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Harper v. California Department of Corrections and Rehabilitation

United States District Court, E.D. California

February 9, 2015

JASON S. HARPER, Plaintiff,


MICHAEL J. SENG, Magistrate Judge.

Plaintiff Jason S. Harper is a state prisoner proceeding pro se and in forma pauperis in this civil rights action pursuant to 42 U.S.C. ยง 1983. (ECF No. 1.)

On January 30, 2015, Plaintiff filed a motion for an indefinite stay. (ECF No. 41.) He asks the court to stay proceedings until 30 days after a state court issues rulings in two unrelated cases because: (1) one of the rulings will better enable Plaintiff to oppose the motion for summary judgment in the instant case (ECF No. 35); and (2) the delay will give him additional time "to come back to the institution[1] to receive his property and properly respond."

"The district court has broad discretion to stay proceedings as an incident to its power to control its own docket." Clinton v. Jones , 520 U.S. 681, 706-07 (1997), citing Landis v. North American Co. , 299 U.S. 248, 254 (1936). "The proponent of the stay bears the burden of establishing its need." Id. at 706. The Court considers the following factors when ruling on a request to stay proceedings: (1) the possible damage which may result from the granting of a stay, (2) the hardship or inequity which a party may suffer in being required to go forward, and (3) the orderly course of justice, measured in terms of the simplifying or complicating of issues, proof, and questions of law which could be expected to result from a stay. Filtrol Corp. v. Kelleher , 467 F.2d 242, 244 (9th Cir. 1972)(quoting CMAX, Inc. v. Hall , 300 F.2d 265, 268 (9th Cir. 1962)).

Neither of Plaintiff's proffered grounds demonstrates the need for a stay. First, Plaintiff provides no reason why he might need a court order in an unrelated case to oppose the motion for summary judgment in this case. Defendants here have moved for summary judgment on the grounds that plaintiff has not exhausted his administrative remedies. (ECF No. 35). Plaintiff does not need a court order to show that he has, in fact, exhausted his administrative remedies. To the extent that Plaintiff intends to argue, as he suggests he does, that there was "a denial of access to the appeals process" that prevented him from exhausting his remedies, he may make this argument and set forth facts supporting it in a sworn declaration without a court order.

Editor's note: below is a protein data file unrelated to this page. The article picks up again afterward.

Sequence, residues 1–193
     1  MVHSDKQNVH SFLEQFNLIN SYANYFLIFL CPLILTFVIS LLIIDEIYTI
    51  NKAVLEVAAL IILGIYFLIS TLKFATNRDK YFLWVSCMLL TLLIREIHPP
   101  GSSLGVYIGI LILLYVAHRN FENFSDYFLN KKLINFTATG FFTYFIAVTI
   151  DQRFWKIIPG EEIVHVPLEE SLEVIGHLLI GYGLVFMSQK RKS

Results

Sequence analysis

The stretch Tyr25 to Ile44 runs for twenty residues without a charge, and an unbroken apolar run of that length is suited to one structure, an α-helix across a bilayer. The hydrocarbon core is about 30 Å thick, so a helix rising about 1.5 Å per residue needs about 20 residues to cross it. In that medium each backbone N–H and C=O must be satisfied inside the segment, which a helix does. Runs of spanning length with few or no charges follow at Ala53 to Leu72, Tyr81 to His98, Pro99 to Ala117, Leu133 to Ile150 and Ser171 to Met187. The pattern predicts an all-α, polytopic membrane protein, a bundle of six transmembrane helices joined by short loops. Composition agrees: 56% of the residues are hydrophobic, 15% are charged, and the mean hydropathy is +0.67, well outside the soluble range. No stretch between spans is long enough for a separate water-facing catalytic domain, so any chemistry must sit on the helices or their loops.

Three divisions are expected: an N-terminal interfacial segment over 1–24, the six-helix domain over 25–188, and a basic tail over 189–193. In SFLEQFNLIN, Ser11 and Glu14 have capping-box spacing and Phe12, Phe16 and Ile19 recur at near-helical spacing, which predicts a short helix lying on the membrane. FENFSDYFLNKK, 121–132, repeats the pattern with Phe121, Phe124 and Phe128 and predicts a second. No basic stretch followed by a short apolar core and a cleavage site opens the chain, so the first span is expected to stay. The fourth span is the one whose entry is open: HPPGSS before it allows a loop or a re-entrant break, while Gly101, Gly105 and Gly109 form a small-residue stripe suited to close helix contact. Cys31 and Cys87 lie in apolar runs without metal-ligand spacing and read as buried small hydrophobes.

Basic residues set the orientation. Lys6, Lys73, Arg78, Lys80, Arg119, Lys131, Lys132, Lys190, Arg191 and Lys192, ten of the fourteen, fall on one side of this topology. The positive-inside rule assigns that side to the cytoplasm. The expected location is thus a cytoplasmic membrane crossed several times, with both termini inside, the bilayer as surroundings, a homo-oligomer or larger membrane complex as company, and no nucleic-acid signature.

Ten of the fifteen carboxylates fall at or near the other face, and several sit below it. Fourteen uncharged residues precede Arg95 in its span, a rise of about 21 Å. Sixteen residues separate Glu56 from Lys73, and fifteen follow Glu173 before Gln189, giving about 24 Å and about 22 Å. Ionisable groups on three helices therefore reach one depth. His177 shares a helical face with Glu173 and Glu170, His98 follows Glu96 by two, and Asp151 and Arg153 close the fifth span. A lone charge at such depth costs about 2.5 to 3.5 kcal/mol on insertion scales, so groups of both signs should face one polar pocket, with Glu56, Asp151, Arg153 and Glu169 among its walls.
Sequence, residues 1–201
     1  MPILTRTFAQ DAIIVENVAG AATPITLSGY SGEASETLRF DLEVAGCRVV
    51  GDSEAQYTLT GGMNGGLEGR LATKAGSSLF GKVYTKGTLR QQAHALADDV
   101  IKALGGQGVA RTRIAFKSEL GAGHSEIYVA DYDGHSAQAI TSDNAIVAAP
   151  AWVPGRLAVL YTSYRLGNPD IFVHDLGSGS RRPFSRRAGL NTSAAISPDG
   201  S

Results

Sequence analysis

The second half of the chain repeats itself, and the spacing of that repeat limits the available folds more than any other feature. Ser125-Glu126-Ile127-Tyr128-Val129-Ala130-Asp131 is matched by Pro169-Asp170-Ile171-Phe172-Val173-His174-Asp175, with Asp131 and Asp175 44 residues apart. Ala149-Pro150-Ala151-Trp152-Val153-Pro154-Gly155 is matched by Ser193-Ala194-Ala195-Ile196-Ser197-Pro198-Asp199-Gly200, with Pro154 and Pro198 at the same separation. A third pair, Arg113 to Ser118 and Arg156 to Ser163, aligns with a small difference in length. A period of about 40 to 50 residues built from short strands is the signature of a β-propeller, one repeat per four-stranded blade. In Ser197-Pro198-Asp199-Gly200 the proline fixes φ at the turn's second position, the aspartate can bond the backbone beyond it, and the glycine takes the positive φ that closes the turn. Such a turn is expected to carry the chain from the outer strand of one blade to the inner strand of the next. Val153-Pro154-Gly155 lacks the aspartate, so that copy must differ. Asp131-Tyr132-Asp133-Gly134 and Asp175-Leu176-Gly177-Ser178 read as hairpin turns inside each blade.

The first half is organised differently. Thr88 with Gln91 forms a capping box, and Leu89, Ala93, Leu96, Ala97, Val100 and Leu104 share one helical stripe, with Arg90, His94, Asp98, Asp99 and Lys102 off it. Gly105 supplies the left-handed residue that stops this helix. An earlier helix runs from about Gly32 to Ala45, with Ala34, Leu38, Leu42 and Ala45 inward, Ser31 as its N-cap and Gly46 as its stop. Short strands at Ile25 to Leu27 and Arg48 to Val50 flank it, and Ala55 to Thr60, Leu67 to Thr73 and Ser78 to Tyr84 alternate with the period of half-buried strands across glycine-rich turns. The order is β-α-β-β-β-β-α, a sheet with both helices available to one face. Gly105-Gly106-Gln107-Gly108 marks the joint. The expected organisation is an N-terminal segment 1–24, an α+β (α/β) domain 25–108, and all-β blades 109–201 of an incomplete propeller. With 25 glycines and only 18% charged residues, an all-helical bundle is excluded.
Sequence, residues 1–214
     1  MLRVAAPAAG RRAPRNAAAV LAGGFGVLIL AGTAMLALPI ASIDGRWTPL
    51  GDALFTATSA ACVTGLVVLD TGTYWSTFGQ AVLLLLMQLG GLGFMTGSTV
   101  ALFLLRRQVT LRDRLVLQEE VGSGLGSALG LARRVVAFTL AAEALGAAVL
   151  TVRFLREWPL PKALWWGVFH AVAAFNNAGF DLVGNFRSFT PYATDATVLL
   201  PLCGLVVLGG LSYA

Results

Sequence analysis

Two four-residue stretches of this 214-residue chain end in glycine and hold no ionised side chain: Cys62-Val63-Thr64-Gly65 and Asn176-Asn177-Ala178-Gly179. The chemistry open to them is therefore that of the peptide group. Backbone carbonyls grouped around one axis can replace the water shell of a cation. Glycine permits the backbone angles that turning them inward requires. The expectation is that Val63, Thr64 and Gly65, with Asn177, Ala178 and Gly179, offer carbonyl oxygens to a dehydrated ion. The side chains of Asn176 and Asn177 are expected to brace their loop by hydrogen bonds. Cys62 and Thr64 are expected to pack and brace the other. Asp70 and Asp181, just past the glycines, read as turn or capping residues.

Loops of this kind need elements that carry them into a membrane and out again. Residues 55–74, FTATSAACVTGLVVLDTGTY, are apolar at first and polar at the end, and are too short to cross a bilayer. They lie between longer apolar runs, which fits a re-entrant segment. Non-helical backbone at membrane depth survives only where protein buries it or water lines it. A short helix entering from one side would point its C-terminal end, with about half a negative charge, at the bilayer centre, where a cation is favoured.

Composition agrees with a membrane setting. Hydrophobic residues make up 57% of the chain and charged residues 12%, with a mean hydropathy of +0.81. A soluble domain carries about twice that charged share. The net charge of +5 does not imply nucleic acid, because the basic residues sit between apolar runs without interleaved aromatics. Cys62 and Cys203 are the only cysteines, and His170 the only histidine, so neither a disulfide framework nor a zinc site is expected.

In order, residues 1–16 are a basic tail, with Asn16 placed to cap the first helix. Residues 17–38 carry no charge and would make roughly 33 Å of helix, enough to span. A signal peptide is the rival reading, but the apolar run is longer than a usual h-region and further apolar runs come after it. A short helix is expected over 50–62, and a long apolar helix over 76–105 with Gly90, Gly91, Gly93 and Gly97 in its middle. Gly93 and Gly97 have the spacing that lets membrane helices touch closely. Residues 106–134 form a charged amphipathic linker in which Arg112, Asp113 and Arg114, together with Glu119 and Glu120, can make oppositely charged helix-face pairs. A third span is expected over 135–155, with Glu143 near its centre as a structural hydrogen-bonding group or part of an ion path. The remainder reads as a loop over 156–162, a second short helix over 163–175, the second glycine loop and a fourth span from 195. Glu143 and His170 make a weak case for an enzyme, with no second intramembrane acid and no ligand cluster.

Second, proceedings need not be stayed indefinitely to allow Plaintiff to regain access to his legal materials. There is no reason to believe that this transfer will result in anything but a temporary separation between Plaintiff and his property. Such a temporary obstacle to meeting filing deadlines does not justify an indefinite stay. See Young v. I.N.S. , 208 F.3d 1116, 1119 (9th Cir. 2000)(strength of justification for stay should balance length of any stay granted).

Additionally, staying this action would create a risk of prejudice to the Defendant. "[D]elay inherently increases the risk that witnesses' memories will fade and evidence will become stale". Davis v. Walker , 745 F.3d 1303, 1309 (9th Cir. 2014)(citations omitted); see Anderson v. Air West , 542 F.2d 522, 524 (9th Cir. 1976)(a presumption of injury arises from delay in resolving an action). Delay also disrupts the Court's schedules.

If Plaintiff needs a discrete, limited extension of time to meet a deadline set by this Court, he may request it, along with an explanation of why the extension is necessary. See Eldridge v. Block , 832 F.2d 1132, 1136 (9th Cir. 1987). Lack of access to legal documents is an acceptable ground for an extension of time. Id .; see also, e.g., Bennett v. King , 293 F.3d 1096, 1098 (9th Cir. 2002).

For the foregoing reasons, Plaintiff's Motion for an Indefinite Stay (ECF No. 41) is DENIED, without prejudice.


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